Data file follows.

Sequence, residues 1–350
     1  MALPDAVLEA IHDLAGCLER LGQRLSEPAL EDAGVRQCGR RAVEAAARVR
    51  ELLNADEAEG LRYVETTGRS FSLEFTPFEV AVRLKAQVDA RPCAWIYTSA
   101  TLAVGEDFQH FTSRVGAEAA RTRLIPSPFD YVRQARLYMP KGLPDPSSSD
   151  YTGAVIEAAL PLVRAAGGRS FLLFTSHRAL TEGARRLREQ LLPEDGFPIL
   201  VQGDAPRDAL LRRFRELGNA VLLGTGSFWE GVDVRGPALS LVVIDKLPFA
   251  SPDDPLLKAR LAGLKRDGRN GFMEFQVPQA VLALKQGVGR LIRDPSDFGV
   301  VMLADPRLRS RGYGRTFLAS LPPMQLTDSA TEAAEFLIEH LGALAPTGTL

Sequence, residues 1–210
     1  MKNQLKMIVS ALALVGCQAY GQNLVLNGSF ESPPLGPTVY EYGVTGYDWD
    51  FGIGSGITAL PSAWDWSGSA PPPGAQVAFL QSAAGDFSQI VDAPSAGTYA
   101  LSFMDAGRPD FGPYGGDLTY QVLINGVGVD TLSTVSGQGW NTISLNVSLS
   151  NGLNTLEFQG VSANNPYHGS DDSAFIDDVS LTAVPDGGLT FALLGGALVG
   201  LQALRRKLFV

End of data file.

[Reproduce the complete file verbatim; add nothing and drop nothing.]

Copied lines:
Sequence, residues 1–350
     1  MALPDAVLEA IHDLAGCLER LGQRLSEPAL EDAGVRQCGR RAVEAAARVR
    51  ELLNADEAEG LRYVETTGRS FSLEFTPFEV AVRLKAQVDA RPCAWIYTSA
   101  TLAVGEDFQH FTSRVGAEAA RTRLIPSPFD YVRQARLYMP KGLPDPSSSD
   151  YTGAVIEAAL PLVRAAGGRS FLLFTSHRAL TEGARRLREQ LLPEDGFPIL
   201  VQGDAPRDAL LRRFRELGNA VLLGTGSFWE GVDVRGPALS LVVIDKLPFA
   251  SPDDPLLKAR LAGLKRDGRN GFMEFQVPQA VLALKQGVGR LIRDPSDFGV
   301  VMLADPRLRS RGYGRTFLAS LPPMQLTDSA TEAAEFLIEH LGALAPTGTL

Sequence, residues 1–210
     1  MKNQLKMIVS ALALVGCQAY GQNLVLNGSF ESPPLGPTVY EYGVTGYDWD
    51  FGIGSGITAL PSAWDWSGSA PPPGAQVAFL QSAAGDFSQI VDAPSAGTYA
   101  LSFMDAGRPD FGPYGGDLTY QVLINGVGVD TLSTVSGQGW NTISLNVSLS
   151  NGLNTLEFQG VSANNPYHGS DDSAFIDDVS LTAVPDGGLT FALLGGALVG
   201  LQALRRKLFV